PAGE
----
Blog Archives

Chasing the Incarnation

This post from Reditus perfectly makes the point that I have discussed, but less effectively, in my series on dualism.

Reditus

A haunting image that has been etched into my mind manifested itself to me in a Russian Orthodox church during the All-Night Vigil for the Feast of the Annunciation. At a certain point during Matins (I won’t bore you with the context too much), the bearded priest stood before the icon of the Annunciation and chanted one of those old leftover ancient Slavonic chants with censer in hand. I am not sure why this made such an impression on me: it was a good hour into the service, and I know little Old Slavonic (I can sort of muddle my way through understanding what is going on.) The priest wore a sky blue phelonion gilded in gold, the robust baritone voice echoed through the church, and the melismatic chant reached back into time and grabbed from it some hidden reality that gleamed like the clouds at dusk…

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The Downside of Dualism: Body and Soul

I have been arguing for a more positive view of dualism over the course of the last several posts, while heading towards the larger end of describing my mode of Biblical interpretation, and discussing what I accept, what I reject, and why. My thesis is that Christianity has been traditionally more strongly dualistic than is acknowledged to be the case in modern times, and that a return to a more dualistic attitude would redress a current excess in the other direction, return Christian thought to its roots, and have salutary effects in many areas.  Having said that, I have to come out and say that dualism (appropriately enough!) is a two-edged sword.

The type of dualism I’m talking about there is not the dualism of Daoism, in which the opposition is not between good and evil or spiritual and material, but between opposite principles (dry/moist, hot/cold, male/female, etc.).  It is the dualism that has been prevalent in the West (by which I include North Africa and the Iranian Plateau, since ideas from these areas circulated in the Mediterranean world), that is, a dualism of spirit world/material world and good/evil, the spirit being seen as good or predominantly good, and the material as evil, less good, or at least inferior.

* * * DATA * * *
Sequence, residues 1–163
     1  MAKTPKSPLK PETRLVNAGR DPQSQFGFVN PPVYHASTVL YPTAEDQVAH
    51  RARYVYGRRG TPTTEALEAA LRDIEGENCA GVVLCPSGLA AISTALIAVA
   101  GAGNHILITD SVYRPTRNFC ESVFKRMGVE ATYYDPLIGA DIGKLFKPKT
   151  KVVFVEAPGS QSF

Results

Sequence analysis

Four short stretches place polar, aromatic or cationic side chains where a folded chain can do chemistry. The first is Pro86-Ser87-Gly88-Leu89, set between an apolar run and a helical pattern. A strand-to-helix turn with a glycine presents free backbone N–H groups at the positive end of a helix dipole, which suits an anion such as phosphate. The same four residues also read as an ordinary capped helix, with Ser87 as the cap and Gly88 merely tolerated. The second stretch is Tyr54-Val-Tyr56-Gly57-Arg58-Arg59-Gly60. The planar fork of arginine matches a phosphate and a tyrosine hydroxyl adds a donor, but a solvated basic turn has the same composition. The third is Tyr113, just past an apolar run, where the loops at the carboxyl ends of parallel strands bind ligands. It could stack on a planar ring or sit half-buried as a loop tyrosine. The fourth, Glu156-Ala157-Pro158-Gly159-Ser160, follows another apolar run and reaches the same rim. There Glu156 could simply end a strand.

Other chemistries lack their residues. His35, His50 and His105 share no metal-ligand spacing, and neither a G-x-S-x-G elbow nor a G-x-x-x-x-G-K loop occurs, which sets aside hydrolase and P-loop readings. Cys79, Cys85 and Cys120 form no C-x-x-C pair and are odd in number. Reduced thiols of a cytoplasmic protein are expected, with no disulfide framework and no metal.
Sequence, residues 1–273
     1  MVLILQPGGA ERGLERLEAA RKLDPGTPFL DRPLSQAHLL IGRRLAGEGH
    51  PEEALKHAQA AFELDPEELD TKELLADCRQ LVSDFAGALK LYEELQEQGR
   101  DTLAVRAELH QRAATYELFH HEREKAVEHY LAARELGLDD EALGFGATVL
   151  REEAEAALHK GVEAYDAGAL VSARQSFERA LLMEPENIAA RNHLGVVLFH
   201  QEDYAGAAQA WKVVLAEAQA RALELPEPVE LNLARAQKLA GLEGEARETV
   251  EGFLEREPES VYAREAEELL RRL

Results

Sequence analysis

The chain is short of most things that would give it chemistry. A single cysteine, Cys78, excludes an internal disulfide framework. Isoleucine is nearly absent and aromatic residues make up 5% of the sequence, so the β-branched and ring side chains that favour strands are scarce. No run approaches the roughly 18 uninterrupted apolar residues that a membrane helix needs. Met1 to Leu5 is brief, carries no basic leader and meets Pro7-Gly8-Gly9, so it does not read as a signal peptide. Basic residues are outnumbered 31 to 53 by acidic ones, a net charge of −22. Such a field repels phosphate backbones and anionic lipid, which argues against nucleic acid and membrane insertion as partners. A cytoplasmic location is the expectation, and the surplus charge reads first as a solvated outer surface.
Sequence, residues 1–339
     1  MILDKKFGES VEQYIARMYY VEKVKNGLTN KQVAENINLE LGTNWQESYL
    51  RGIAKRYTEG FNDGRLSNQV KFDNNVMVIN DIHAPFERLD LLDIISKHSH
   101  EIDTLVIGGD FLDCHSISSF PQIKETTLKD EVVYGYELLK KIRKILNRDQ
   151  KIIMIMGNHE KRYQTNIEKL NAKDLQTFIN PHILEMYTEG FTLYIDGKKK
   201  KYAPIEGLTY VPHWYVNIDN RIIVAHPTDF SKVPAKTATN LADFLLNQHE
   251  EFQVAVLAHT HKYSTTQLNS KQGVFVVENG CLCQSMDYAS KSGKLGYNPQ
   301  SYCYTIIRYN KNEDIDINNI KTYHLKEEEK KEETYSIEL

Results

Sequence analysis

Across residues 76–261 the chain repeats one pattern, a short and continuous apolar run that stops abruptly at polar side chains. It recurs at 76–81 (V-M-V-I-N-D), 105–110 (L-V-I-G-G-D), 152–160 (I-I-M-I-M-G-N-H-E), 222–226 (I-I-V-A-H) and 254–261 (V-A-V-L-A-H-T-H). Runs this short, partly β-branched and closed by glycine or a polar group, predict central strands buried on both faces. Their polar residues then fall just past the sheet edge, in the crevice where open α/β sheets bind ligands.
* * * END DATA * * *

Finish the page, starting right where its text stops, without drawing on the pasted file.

One obvious shortcoming of this form of dualism popped up on the discussion thread at Vox Nova, which I’ve referred to before.  One of my interlocutors, A. Sinner, had the following things to say, my emphasis:

Ah, how tragic it is to see so many people today exalting the life of the body over the life of the soul. Christ Himself says “And if thy right hand scandalize thee, cut it off, and cast it from thee: for it is expedient for thee that one of thy members should perish, rather than that thy whole body be cast into hell.”

A society does not need to criminalize everything (indeed, I WOULD in fact argue for the decriminalization of prostitution, etc). But, at the same time, in given circumstances, it CAN criminalize. And certainly it sends a weird message if killing people’s bodies is a crime, but killing their souls (which is what heretics do; their crime is Objectively much worse than any murder) is not.

Given a certain perspective, this is a fair point. Read the rest of this entry

Polygenism, Human Origins, and the Soul: Index

This is actually part of an extended addendum to the “Legends of the Fall” series.  However, it’s taken on a life of its own and is now almost a third as long as the original series (and counting).  Thus, just as I gave the series on dualism its own index, I thought that this deserves as much.  It stands on its own, I think, but I’ve left it on the larger “Legends of the Fall” index, too.

Update 6 March 2018:  I have changed the name of this series from “Polygenism Revisited” to “Polygenism, Human Origins, and the Soul”.  This is for a few reasons.  One, I have come to the conclusion that some form of “hard” polygenesis–i.e., the evolution of Homo sapiens at different places, at different times, and from different local populations of precursor species, is very likely true.  Even if one still wanted to debate this–and the evidence is still not totally clear–I think it’s a useful heuristic, since, as I’ve said many times in the course of this series, I think it’s best to take the position most difficult to reconcile with one’s theology, as a way of avoiding the problem of the “God of the gaps”.

Two, I think the issues involved here cast a wider net than polygenesis per se; and I want to be free to look at the broader issues of human origins as they related to notions of the Fall of Mankind and the intimately connected issue of the Atonement.  Finally, recent research has increasingly painted a picture of animals as far more intelligent than previously believed, and of higher mammals as amazingly close to us in surprising ways.  I think this has implications for any theology of human souls and the supposed uniqueness of the human race.  Rather than starting a separate series for posts on that topic, I intend to place them here as I write them.  There is, after all, some logical connection.

Thus, in summary, stay tuned!  More to come in this space!

Polygenism Revisited:  Terminology

Polygenism Revisited:  The Theology of Cavemen

Polygenesis:  Breaking News

More News on Polygenesis

Adam, Eve, and Monogenism:  More Perspectives (and more of the same)

Another Article on Polygenesis

Plants, Animals, Humans, and Souls